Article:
When the twins came back, it was a certain bet that Lola would still have to be found. Bound by an iron principle of self-love, she would stay out longer in the darkness, wrapping herself in some fabricated misfortune, so that the general relief when she appeared would be all the more intense, and all the attention would be hers. (1.12.5)
This is Emily Tallis thinking mean thoughts about her niece Lola, because she reminds her of her sister, Hermione. Emily imagines that Lola will fabricate misfortune to hog all the attention. The truth, though, is that Lola really does come to misfortune. The made-up version of reality isn't Lola's, but Emily's.
In Leon's life, or rather, in his account of his life, no one was mean-spirited, no one schemed or lied or betrayed. Everyone was celebrated at least in some degree, as though it was a cause for wonder that anyone existed at all. He remembered all his friends' best lines. The effect of one of Leon's anecdotes was to make his listener warm to humankind and its failings. (1.9.66)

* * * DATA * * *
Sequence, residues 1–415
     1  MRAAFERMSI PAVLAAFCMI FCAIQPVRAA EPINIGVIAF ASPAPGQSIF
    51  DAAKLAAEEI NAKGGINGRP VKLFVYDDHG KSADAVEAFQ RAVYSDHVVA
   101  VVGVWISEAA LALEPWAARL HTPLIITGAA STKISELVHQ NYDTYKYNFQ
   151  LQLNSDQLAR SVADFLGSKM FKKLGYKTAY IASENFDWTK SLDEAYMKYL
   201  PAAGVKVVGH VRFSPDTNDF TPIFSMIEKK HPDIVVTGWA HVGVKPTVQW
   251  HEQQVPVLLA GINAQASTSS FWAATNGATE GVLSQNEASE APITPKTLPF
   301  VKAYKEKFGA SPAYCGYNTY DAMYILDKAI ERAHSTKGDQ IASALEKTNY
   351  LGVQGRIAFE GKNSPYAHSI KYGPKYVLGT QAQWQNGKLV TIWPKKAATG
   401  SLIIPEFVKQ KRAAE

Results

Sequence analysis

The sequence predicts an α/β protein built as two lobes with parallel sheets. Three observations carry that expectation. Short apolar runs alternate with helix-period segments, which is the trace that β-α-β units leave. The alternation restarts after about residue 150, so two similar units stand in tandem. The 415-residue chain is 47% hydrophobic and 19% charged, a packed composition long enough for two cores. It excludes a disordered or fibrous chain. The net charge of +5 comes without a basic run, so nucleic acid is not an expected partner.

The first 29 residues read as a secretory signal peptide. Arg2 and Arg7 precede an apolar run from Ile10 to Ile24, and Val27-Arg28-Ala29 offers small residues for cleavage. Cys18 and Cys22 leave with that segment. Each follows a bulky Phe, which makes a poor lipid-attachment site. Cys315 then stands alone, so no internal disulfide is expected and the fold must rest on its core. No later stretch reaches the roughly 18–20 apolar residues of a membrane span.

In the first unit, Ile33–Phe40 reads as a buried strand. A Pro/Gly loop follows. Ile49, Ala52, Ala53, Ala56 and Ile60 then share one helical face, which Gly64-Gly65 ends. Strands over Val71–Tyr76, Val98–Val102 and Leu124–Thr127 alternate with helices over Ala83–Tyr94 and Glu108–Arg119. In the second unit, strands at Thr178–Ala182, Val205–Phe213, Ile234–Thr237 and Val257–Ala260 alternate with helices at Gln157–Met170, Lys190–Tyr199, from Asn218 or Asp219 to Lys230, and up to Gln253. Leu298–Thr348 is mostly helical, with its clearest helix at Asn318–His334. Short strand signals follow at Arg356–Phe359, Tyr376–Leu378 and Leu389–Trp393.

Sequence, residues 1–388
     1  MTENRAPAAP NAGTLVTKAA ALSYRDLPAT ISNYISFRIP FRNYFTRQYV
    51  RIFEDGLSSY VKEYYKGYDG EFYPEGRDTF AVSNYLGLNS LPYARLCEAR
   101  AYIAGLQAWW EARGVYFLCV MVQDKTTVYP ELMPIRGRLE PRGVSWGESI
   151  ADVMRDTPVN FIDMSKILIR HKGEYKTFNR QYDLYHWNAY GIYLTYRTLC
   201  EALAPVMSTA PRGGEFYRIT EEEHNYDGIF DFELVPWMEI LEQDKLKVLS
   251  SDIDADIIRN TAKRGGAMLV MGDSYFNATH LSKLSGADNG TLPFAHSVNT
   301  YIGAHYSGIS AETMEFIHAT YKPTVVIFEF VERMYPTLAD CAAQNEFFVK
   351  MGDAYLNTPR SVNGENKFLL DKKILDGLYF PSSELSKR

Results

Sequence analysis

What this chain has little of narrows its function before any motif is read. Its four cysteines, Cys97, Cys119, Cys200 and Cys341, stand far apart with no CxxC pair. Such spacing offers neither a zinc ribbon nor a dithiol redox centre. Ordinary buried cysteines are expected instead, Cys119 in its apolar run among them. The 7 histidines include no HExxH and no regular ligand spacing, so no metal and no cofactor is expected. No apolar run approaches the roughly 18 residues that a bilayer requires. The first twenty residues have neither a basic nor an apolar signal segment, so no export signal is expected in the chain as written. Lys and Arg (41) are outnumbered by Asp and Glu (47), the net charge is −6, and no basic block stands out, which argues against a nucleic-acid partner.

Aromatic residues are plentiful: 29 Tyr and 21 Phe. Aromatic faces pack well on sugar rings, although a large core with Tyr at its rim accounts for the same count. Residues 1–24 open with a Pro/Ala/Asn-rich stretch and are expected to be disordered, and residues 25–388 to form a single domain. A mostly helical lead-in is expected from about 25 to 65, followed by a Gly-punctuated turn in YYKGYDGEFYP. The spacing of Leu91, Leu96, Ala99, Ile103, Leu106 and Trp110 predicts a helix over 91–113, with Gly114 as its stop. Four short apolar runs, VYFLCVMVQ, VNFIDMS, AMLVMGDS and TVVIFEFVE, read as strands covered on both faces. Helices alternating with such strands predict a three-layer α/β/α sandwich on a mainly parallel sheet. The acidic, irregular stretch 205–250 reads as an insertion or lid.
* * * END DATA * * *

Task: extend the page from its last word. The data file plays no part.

Leon has one of the nicest versions of reality around. But… it's because he sees the best in everyone that he's friends with Paul Marshall and brings him to stay with his family. Even thinking the best of everyone has its downside, as it turns out.
Now there was nothing left of the dumb show by the fountain beyond what survived in memory, in three separate and overlapping memories. The truth had become as ghostly as invention. (1.3.16)
Briony is remembering the scene at the fountain, and also imagining Robbie and Cecilia remembering the scene at the fountain. She realizes that everybody has their own story going on in their own head, which means that everybody has their own version of reality. There's no one truth, so fact is just as much of a ghost as fiction. Briony finds this liberating and exciting. Having fiction treated as fact doesn't go so well for Robbie, though.